Category Archives: On being a mom

The Dorm Room Fantasy

This spring I received a catalog in the mail called Pottery Barn Dorm. I’ve never received this catalog before, but I assume that Mark Zuckerberg told them that I have a child starting college this fall, so I wasn’t so surprised. What surprised me as I flipped through the glossy pages is that you don’t need to have a college education to work at Pottery Barn. Or at least it seems like no one who works there has ever been inside a college dorm room.

Their photo imaginings of this college environment include paneled walls flanking floor to ceiling windows. The velvet clad bed is at least a double, with a mattress that’s about 11 inches thick. There’s room on both sides for a bedside table and a special floating shelf. The shelf really pops out as necessary, because where else would you keep your vibrantly thriving fern?

A chandelier graces the ceiling. Now as I recall, we weren’t allowed to put a single nail in the wall in our dorm room. We were allowed to use two-sided tape as long as any remaining adhesive was washed clean from the walls at move out. I’m pretty sure if a hot plate was forbidden under the penalty of expulsion, they probably don’t want the kids installing their own chandeliers.

These images if college life are certainly aspirational for students, but they’re aspirational for parents as well. There’s a whisper in the back of our minds as we flip through the pages – maybe my kid will wake up drenched in sunlight. Maybe my kid will start making his bed. Maybe my kid will thrive so much in college that in addition to taking care of himself impeccably, he’ll also be able to tend to the needs of a fern.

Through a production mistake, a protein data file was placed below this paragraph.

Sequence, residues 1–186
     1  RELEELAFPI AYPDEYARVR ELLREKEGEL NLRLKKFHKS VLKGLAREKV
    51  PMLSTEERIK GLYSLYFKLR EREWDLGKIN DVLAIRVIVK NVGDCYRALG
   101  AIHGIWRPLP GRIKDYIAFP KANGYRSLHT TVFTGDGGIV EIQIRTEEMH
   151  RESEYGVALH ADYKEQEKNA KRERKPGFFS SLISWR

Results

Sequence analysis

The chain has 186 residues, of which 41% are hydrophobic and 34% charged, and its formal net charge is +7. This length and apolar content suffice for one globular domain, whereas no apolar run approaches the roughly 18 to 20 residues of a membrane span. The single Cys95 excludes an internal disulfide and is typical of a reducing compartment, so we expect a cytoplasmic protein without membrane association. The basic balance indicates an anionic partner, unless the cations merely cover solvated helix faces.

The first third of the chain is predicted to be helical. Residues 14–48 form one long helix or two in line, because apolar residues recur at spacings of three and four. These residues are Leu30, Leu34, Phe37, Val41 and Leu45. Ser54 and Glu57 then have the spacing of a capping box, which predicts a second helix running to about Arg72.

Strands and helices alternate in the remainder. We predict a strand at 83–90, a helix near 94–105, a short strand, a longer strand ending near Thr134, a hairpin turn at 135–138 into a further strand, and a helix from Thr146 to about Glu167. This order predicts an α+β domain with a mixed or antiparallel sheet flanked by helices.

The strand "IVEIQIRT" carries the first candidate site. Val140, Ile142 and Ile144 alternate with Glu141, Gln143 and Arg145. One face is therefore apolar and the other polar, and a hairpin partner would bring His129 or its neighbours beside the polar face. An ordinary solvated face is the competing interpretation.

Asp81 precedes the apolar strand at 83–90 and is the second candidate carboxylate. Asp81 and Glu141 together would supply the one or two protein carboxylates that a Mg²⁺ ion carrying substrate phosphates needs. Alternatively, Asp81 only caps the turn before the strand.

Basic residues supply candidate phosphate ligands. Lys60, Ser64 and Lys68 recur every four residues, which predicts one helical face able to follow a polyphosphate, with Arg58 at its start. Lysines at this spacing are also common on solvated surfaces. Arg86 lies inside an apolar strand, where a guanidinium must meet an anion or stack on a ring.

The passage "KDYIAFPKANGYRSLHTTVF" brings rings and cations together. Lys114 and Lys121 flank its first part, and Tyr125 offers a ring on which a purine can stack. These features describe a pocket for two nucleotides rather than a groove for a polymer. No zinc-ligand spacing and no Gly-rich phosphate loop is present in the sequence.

In one image, an entire wall of the dorm is painted in chalkboard paint. The catalog designers have written E=MC2 on the wall. Maybe my kid’s going to learn something! I imagine the Pottery Barn meeting: “Write something sciency on that wall, the parents will love it. Anyone know any science stuff?” Which is how they got the only equation sciency people would never actually have to write down.

They really want me to pony up for furniture. Previously, I’d been relieved to know that furniture was the one thing that was included in the sticker price for college. The entire internet is pushing the upholstered headboard with an optional monogram. Well, they say it’s optional but sometimes kids get confused late at night, so it’s good to have the bed clearly labeled. Then there are a variety of small sofas to choose from. And round chairs for reading, one of which suspends from the ceiling like a swing. Add “stud finder and contractor” to your list of college essentials.

Imagine my disappointment when I took my son shopping at the ever-practical Bed Bath and Beyond. We picked out hangers, Command strips and sheets. He focused briefly when confronted with a variety of duvets with different weights. When we hit the assortment of duvet covers, the Pottery Barn mom in me got a little excited. Here was his chance to express himself and really make that room pop(!) The choice of floral, plaid, damask or solid would define his college experience. I asked him which one he liked best, and with no sarcasm in his voice, he asked me, “Why would it matter?” We chose grey.